Restoration of Arroyo Seco watershed gets boost from MWD Community Partnering program

Metropolitan Water District of Southern California today presented $20,000 to a community-oriented institute that aims to make Arroyo Seco a test case for river renewal.

PASADENA, Calif., Oct. 19, 2001 — Amid the scenic backdrop of the Arroyo Seco, Metropolitan Water District today reaffirmed its support for the restoration of Southern California watersheds by presenting $20,000 to a community-oriented institute that aims to make the arroyo a test case for river renewal.

Presenting an MWD Community Partnering Program check to Robert Gottlieb, director of Occidental College's Urban and Environmental Policy Institute, was Assemblymember Carol Liu (D-La Canada-Flintridge) and Metropolitan Director Timothy F. Brick.

"Watersheds are more than just wildlife habitat or recreational space. They're also a source of drinking water," said Liu, a groundwater advocate who this year authored successful legislation mandating a statewide groundwater quality survey.

Restoring the watershed can improve the quality of water that percolates underground, enhancing the ability to store high-quality supplies that can be called upon during a drought, she said.

The flood-control channel that forms the Arroyo Seco's lower segment gives way to a vista of "purple mountains and soaring bridges," said Brick, addressing an audience at the landmark Casita del Arroyo. "Every New Year's Day, it's Southern California's face to the world."

The city of Pasadena's representative on the MWD board since 1985, Brick is considered one of the Arroyo Seco's strongest advocates.

Brick, who serves on the Arroyo Seco Foundation, which recently completed a study on restoring the watershed, extolled the scenic and environmental virtues of the waterway that courses 21 miles from the San Gabriel Mountains to the juncture of the Los Angeles River near Mount Washington.

The competitive MWD Community Partnering Program grant to UEPI's "Rethinking the Watershed" program will deal with such issues as water quality and enhancing open space along arroyo portions that were encased in concrete in 1938.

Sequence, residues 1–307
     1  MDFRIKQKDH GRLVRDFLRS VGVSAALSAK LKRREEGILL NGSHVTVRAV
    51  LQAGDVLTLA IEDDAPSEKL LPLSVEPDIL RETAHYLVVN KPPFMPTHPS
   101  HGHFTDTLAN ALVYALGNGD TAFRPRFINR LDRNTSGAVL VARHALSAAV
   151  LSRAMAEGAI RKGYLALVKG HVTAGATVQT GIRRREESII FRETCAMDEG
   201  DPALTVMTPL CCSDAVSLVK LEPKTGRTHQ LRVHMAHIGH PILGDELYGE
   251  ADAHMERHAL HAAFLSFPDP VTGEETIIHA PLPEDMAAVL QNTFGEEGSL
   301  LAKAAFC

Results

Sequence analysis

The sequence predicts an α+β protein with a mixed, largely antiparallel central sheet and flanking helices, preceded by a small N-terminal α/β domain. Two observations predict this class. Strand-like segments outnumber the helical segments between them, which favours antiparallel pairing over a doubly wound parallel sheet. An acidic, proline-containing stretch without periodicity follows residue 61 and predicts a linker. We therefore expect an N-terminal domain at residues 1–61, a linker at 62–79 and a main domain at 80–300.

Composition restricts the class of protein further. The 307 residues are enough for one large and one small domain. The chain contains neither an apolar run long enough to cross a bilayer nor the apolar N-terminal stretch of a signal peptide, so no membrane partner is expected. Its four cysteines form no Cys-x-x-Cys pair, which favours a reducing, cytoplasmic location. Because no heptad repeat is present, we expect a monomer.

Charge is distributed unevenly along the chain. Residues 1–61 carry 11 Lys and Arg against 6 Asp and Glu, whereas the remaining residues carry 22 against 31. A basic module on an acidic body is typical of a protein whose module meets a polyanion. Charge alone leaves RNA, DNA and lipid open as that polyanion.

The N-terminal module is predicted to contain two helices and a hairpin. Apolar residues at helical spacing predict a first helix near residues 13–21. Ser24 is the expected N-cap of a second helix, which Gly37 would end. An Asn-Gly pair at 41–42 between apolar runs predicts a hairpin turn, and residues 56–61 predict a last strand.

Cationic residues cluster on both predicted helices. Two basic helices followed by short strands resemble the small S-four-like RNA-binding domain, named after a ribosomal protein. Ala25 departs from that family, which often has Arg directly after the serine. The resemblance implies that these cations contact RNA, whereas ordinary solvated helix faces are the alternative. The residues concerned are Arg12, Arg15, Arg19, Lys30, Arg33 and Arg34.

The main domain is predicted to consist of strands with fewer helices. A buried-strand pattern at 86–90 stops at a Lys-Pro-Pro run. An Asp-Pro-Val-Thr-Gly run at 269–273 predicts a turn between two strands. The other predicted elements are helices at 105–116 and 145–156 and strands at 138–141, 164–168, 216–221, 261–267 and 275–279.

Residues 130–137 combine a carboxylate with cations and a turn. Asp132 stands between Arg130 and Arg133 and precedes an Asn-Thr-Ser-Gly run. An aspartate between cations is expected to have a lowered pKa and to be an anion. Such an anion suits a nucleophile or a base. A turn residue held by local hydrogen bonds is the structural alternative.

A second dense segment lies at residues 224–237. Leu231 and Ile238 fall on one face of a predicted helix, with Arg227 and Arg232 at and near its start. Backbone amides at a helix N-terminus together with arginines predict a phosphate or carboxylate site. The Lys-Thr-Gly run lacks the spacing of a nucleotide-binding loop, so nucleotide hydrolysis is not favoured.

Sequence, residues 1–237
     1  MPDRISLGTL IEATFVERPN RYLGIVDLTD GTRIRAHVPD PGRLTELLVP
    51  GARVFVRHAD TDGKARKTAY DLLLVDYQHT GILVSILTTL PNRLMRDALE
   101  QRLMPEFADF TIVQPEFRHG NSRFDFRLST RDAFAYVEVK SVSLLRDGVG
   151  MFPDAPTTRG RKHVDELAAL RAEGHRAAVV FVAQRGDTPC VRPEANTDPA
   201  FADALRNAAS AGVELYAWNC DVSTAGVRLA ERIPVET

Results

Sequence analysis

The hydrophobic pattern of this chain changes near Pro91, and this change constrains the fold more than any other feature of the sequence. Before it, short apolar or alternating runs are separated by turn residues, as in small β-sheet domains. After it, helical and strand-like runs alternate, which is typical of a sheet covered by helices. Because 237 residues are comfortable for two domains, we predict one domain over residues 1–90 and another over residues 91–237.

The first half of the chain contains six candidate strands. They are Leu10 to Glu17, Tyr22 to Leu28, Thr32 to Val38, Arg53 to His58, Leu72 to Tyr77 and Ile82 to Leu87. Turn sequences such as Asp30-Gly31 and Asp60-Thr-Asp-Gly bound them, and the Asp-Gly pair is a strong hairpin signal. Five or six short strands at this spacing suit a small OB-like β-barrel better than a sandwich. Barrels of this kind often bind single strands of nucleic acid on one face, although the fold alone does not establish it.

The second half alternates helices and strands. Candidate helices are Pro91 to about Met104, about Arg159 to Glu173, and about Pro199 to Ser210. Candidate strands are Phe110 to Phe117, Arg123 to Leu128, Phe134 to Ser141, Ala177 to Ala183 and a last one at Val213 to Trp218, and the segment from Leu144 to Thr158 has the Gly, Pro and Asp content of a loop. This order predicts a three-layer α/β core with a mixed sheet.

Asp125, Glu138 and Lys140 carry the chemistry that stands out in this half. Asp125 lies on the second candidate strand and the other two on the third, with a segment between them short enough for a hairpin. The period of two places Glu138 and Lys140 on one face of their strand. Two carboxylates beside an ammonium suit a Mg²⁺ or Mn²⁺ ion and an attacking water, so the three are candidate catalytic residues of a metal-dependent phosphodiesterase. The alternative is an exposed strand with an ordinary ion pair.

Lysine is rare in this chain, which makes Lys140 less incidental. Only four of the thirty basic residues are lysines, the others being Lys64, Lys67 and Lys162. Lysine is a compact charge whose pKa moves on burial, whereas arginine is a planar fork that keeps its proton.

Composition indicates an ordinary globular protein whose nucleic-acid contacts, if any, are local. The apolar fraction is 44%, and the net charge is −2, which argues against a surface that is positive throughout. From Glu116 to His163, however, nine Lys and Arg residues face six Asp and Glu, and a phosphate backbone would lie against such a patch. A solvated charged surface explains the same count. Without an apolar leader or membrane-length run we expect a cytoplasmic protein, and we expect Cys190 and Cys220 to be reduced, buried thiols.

Today's presentation marked the second CPP grant awarded to the institute. Last year's partnering award helped support a year-long series of forums on restoring the Los Angeles River. A portion of the latest grant will help underwrite a Web site and book on those experiences.

Gottlieb said the institute plans to use notes from explorers as well as historical maps and photographs to create a pictorial timeline for what the arroyo looked like over the past 100 to 200 years.

When it comes to reviving the region's network of rivers and streams, "Metropolitan has some very important roles to play," Gottlieb said. "MWD can package it all together. It has the capacity to be the regional player that also connects with people on the ground in local communities."

Brick said that Metropolitan has increasingly embraced strategies that were being advocated by the environmental community, such as water conservation, water recycling and mutually beneficial transfers of water from agricultural to urban areas.

"People talk about a 'greening' of rivers, but there has also been a 'greening' of Metropolitan," Brick said. This year, Metropolitan will distribute more than $450,000 in grants and in-kind services to programs throughout Southern California that demonstrate a value-added benefit to MWD and its 26 member public agencies.

Under the CPP, sponsorships are provided for water-related activities such as public forums, educational and research programs, exhibits and other community-based events. Memberships in national, state, regional and local associations that support MWD's corporate and mission statements also are eligible, as well as educational mini-grants and innovative conservation programs.

The Metropolitan Water District of Southern California is a cooperative of 26 cities and water agencies serving 17 million people in six counties. The district imports water from the Colorado River and Northern California to supplement local supplies, and helps its members to develop increased water conservation, recycling, storage, and other water-management programs.

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